"It's as if there is a void at its center, within which you could fit a couple of football fields."
After years of orbiting and eventually touching down to gather samples from the asteroid Bennu, NASA's OSIRIS-REx spacecraft has made another surprising discovery.
Bennu, a rapidly spinning space rock orbiting near the Earth, seems to be hollow, according to a press release. Not only that, but scientists at the University of Colorado, Boulder who analyzed new data from the lander found that Bennu is spinning so fast that it also seems to be slowly ripping itself apart, gradually casting rocks and dust into space.
When NASA touched down, scientists were surprised both by how much Bennu crumbled beneath OSIRIS-REx and by how much rock was blown away by the puff of nitrogen it fired to free up samples. But after running some data, it makes more sense: Bennu's gravitational pull is surprisingly weak for an object of its size, leading researchers to conclude that it looks more like an egg with a shell than a solid chunk of rock.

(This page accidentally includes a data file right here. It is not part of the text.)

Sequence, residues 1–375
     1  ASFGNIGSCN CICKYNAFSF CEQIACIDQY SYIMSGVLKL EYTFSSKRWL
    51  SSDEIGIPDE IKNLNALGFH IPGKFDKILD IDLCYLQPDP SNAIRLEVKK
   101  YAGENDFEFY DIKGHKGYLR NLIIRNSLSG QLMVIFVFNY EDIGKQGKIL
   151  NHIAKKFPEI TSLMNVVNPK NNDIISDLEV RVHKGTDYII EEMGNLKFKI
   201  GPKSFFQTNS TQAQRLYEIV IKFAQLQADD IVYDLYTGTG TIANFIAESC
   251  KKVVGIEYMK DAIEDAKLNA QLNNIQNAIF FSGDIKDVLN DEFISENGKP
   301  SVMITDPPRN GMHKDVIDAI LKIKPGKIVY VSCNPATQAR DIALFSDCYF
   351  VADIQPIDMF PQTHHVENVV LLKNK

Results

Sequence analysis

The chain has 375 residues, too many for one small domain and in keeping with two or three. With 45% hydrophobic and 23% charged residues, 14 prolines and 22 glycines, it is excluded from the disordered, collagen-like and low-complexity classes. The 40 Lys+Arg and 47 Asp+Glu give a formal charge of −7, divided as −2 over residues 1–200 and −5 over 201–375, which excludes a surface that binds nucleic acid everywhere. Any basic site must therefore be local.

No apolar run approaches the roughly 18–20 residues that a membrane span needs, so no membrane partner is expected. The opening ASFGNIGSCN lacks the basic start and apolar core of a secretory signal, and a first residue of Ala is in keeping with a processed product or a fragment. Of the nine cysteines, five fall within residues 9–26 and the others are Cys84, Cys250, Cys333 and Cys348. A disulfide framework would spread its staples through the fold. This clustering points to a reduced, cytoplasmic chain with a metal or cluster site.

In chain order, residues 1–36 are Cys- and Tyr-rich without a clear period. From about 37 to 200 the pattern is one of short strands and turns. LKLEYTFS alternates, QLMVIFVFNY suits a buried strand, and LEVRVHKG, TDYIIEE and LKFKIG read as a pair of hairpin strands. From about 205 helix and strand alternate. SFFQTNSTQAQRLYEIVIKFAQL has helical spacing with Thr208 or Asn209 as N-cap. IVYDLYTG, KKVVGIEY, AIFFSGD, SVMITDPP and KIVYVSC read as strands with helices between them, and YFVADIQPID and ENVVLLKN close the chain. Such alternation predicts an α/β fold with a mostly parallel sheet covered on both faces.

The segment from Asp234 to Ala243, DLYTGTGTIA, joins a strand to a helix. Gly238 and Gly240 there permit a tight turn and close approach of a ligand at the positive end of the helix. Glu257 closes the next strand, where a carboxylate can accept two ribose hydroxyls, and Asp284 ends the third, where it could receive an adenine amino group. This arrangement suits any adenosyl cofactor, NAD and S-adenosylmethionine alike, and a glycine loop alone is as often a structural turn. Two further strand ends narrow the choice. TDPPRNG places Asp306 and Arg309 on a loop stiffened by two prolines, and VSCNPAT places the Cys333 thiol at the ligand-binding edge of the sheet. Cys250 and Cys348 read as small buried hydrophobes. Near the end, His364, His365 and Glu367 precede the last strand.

"It's as if there is a void at its center, within which you could fit a couple of football fields," University of Colorado aerospace engineer and lead researcher Daniel Scheeres said in the release.
As Bennu spins, it occasionally sends rocks tumbling outward. Some of them fall back down but others get lost in space, leading researchers to say the rock will gradually spin itself to death.
"You could imagine maybe in a million years or less, the whole thing flying apart," Scheeres said in the release.
READ MORE: Scientists peer inside an asteroid [University of Colorado Boulder]
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